Sound Waves Experiment #1756


Love this! Great ideas!


This lesson broke down into 2 elements for me - waves / frequency and the coding. I found the coding a bit confusing as I did not follow the reason for the structure to the code (as well as a few new terms). The previous code we looked at was pretty straightforward. However, I thought the wave / frequency / sound relationship was presented well. I did not follow the intent on bringing in color at this point - other than as a side note. But perhaps this is a foreshadowing of the next lesson (?)…

I know that sound / acoustics are used a great deal in ocean exploration and research from sonar, tagging, animal communication, soundscapes, human impacts, etc. so I am thinking about how this would fit into class / camp activities, but not seeing it immediately, so need to explore this unit a bit more.


Let us know if you have any questions around the code that we can answer!


This was a great lesson. What I am thinking is to create a counter with 10 beeps so students can understand how variables work. This could be a module that might be able to be connected to complement a project that requires sound.


Where does this lesson fit in with your curriculum
I teach sound at the lower school level. I am not sure if I could include it into my curriculum, the third graders are not familiar with Arduino. I would like for my younger students to experiment with the piezo speaker to create different sounds all while learning about frequency, amplitude, and period of sound waves.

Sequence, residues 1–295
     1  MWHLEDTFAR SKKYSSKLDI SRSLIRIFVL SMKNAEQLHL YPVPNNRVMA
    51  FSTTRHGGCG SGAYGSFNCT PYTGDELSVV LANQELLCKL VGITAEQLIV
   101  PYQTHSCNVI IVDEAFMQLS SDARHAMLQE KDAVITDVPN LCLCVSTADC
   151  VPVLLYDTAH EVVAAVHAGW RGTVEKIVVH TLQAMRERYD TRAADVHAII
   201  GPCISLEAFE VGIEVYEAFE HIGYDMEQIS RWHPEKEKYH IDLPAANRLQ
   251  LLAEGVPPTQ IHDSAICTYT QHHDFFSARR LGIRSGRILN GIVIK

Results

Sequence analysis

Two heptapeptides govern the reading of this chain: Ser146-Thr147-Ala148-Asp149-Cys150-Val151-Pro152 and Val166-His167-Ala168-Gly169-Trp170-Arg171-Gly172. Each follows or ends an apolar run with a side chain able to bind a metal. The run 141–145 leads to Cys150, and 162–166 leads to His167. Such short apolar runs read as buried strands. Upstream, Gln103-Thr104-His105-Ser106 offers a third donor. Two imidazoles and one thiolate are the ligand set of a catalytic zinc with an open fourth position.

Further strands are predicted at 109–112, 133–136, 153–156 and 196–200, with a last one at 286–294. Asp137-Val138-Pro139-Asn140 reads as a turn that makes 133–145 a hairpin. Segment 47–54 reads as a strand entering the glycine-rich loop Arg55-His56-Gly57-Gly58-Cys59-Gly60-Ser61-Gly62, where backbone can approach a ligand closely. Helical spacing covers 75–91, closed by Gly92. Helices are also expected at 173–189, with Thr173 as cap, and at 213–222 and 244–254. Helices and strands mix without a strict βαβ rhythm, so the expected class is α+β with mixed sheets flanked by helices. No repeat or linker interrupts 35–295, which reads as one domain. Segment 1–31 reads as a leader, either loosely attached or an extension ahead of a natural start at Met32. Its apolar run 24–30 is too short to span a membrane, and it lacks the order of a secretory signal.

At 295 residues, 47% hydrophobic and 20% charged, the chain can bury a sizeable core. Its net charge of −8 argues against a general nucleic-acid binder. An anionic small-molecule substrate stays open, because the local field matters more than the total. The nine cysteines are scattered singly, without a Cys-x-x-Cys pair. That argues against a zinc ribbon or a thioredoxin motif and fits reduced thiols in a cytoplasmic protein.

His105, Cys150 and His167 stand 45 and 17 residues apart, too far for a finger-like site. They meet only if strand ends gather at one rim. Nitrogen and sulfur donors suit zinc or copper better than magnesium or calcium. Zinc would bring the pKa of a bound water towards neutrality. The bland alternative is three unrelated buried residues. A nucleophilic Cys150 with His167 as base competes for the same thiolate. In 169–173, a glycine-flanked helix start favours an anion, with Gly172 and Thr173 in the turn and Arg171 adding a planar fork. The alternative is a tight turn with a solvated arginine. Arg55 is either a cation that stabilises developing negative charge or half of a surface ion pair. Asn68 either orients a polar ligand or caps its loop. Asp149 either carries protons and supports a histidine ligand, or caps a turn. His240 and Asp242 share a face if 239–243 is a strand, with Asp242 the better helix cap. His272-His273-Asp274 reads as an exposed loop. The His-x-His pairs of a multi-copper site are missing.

Which part or parts of the lesson would your students need extra support in order to be successful?
The students need extra support in learning Arduino and taking a pre-written Arduino Sketch to create delays and precision timing to make sounds.

If you were to teach this lesson to your class, describe your role during the class. What does a successful teacher do during this lesson?
First, I will need to teach them what is Arduino. Help them with wiring up a piezo speaker.
Students will need to learn how to manipulate the code to produce different sounds.

If you were to teach this lesson to your class, describe your student’s role during the class. What does “student success” look like?
They need to be motivated, curious and feel successful.

Recently, we did the magnetic slime in class, so I would love to do the dancing slime as well. It looks like a fun activity.


I really wanted to collaborate with the music teacher. She is very afraid of technology. She uses my room for some of her classes, so this would be a great introduction for her and her students to get techno! Students really get into a project like this because they can make it uniquely their own. I am not sure how the gangster rap that they listen to would translate, but it would be fun to listen!


I love the idea of collaborating with the music teacher!


That’s a great idea to incorporate a counter!


Thanks for sharing the pictures! We love seeing these!


This was a very fun experiment. There is something about getting that immediate feedback when you make a change that is really satisfying, even if it doesn’t come out with what you expected. I had a hard time making what I would “music” but I did make some fun sounds. The kids will be highly engaged with this experiment and learn about sound waves in a really interesting way!


Sorry, I got behind. Had issues with the figuring out the speaker and classroom happenings.

Where does this lesson fit in with your curriculum (if the lesson is not a fit for the class you teach, how could the lesson be modified so that it is applicable to your curriculum)?